13 November 2007

More on Mailer

What fascinates me about Norman Mailer is that he seemed to be the last survivor of a heroic age of American literature. Does any author these days actually aspire to fame based on anything other than sales numbers? Mailer idolized Ernest Hemingway, who was thought to have found a new way of describing human experience, and at the same time projected an ideal of adventurous manliness. Like Hemingway, Mailer was egotistically combative, determined to be recognized as the champion U.S. writer, and he had an early, massive success in the novel The Naked and the Dead to back his claim -- a success, in fact, that earned Hemingway's resentment, since he considered it his right to write the great novel of World War II. No present writer, to my knowledge, declares his ambition to top Mailer. In part, this reflects Mailer's failure to hold the summit of novelists, but who else might the modern writers see as a master to surpass? I suspect that they have surrendered the field of fame to the Stephen Kings, the John Grishams, and all those who win the numbers game. Stephen King is a celebrity, but does anyone think he's making an important contribution to civilization? Not even himself, I'd guess. This is not to assert recklessly that Mailer made such a contribution, but I admire his aspiration to do so, and I miss it in the present generation.

In my view, Mailer ultimately succeeded better in non-fiction because he was such a narcissist. Not having read The Naked and the Dead, I can't say that he came into his own until he made himself and his perceptions the principal subject of his writing. This is often dismissed as pure egoism, but it differs from, for instance, Hemingway's egoism in its concern for self-analysis and self-criticism. Mailer's writing is often criticized for self-indulgence, but he believed it necessary to face up to his own demons, admit his worst feelings and fantasies, and address them in a manner more objective than he often got credit for. Reading Advertisements for Myself, I see a harsh and not self-flattering honesty in his expectation of barbaric, psychopathic violence as the perhaps necessary alternative to the suffocation and slow death of everyone at the hands of an increasingly totalitarian society. Mailer is no Utopian and no pacifist. Here's something from an interview he included in the book:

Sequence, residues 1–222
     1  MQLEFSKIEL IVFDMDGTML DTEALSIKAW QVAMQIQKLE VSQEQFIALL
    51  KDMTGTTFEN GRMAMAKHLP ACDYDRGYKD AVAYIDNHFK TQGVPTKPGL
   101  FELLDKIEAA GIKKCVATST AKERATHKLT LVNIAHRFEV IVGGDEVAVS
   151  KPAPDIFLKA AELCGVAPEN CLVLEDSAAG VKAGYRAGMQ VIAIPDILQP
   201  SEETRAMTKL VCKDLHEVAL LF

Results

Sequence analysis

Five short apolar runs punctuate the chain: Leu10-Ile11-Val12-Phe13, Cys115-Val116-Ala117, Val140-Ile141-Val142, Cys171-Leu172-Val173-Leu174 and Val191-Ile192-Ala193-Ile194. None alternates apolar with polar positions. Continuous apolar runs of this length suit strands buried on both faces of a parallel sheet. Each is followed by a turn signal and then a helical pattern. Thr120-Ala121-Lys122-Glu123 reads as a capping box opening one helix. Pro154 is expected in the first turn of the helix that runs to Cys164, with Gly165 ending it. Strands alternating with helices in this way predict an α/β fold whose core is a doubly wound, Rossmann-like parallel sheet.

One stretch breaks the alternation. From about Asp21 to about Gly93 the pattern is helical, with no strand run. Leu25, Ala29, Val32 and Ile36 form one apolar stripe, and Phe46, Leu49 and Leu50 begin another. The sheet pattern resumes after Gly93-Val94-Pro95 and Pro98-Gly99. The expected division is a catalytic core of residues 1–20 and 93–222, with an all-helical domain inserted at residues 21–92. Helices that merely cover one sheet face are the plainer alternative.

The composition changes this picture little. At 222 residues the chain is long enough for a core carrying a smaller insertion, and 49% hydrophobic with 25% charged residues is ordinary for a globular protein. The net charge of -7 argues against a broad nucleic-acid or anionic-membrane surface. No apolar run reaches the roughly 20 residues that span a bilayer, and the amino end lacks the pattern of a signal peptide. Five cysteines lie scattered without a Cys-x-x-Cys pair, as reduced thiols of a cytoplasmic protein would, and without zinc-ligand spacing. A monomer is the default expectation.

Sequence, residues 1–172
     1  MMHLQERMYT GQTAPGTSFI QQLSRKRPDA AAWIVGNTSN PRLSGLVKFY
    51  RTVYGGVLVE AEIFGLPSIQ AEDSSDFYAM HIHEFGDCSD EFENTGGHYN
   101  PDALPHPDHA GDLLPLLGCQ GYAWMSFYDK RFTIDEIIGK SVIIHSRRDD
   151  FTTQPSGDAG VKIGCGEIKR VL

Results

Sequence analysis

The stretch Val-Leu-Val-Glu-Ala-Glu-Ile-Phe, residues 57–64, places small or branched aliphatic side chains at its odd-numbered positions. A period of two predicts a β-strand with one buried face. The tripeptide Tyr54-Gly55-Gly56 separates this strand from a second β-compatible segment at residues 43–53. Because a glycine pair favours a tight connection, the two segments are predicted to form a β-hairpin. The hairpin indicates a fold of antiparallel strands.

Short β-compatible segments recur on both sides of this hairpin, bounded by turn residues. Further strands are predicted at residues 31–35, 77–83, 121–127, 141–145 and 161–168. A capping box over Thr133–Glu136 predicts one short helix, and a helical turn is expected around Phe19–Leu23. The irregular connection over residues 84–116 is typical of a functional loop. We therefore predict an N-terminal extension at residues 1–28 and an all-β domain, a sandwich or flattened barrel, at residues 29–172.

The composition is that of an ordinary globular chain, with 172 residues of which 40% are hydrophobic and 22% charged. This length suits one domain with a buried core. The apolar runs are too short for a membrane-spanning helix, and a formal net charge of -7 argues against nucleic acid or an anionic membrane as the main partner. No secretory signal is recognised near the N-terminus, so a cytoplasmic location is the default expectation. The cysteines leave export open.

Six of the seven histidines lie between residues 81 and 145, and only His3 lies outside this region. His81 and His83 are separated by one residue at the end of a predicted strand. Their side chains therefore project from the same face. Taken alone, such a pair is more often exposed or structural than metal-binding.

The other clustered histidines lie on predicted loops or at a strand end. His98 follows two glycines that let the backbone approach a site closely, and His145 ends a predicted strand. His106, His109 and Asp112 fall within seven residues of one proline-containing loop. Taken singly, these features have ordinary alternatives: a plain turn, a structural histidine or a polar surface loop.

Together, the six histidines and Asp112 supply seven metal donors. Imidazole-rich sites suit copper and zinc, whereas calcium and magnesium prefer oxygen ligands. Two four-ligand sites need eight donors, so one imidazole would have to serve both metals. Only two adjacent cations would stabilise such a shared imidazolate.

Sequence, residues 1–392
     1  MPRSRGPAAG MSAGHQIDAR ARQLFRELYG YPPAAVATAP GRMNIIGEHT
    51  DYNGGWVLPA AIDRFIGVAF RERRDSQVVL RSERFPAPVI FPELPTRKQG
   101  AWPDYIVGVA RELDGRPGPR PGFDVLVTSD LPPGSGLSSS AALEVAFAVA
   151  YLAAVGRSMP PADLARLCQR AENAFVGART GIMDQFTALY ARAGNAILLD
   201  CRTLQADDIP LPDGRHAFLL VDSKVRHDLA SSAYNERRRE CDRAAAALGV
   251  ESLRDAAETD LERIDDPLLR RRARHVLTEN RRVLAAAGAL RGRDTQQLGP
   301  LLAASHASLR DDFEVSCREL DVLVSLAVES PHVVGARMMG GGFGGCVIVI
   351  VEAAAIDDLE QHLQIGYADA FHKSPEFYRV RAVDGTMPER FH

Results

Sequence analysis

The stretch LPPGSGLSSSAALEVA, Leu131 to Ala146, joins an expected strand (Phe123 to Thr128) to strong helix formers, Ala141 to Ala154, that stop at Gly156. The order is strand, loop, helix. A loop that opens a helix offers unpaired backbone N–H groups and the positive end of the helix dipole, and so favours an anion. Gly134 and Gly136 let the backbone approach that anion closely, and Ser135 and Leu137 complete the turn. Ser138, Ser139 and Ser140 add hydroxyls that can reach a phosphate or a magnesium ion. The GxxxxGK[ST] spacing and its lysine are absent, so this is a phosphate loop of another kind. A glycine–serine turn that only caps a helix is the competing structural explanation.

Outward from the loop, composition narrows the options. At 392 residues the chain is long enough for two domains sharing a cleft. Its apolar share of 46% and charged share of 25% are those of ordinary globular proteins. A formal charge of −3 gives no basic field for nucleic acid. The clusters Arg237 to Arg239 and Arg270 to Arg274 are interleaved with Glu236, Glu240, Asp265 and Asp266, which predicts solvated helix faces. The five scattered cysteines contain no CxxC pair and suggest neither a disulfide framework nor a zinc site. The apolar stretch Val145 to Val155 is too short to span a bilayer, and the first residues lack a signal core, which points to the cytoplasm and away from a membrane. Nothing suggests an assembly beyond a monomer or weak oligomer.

"The trouble is that it's enormously difficult to return to the senses. We're all civilized, and to return to the senses and keep the best parts of our civilized being, to keep our capacity for mental organization, for mental construction, for logic, is doubly difficult, and there's a great danger that the nihilism of Hip will destroy civilization. But it seems to me that the danger which is even more paramount --the danger which has brought on Hip -- is that civilization is so strong itself, so divorced from the senses, that we have come to the point where we can liquidate millions of people in concentration camps by orderly process."

But in the next breath he allows that he could be completely wrong:

"If the divorce from the senses I talk about is becoming a human condition, then by all means, yes, civilization must be cashed in or we will destroy ourselves in the cold insensate expressions of due process of law and atomic radiation. On the other hand maybe this divorce from the senses involves just a small party of my generation, and the Square, in contrast, leads a sensuous life with sufficient contentments to keep him civilized (in the good sense) and equable. It is we -- hipsters -- who would then be the only ones alienated from our senses. If this be true, then everything I have said is merely an intricate and ingenious rationalization to defend my neurotic .. perversities, anh? [ellipsis in original] Of course, I don't believe this is true."

Your own appraisal will determine Mailer's worth for your own intellectual development. The important thing is not whether you take his word for it or not, but to ask the question yourself and appeal to your own experience and knowledge. In some cases you should by all means not take his word for it, because in those cases words like "style," "mood," "orgy" or "cancer" become a kind of jargon with special meanings to him that we don't necessarily share. Overall, though, his message is clear enough. But despite that claim, I'll probably discuss it more later this week.

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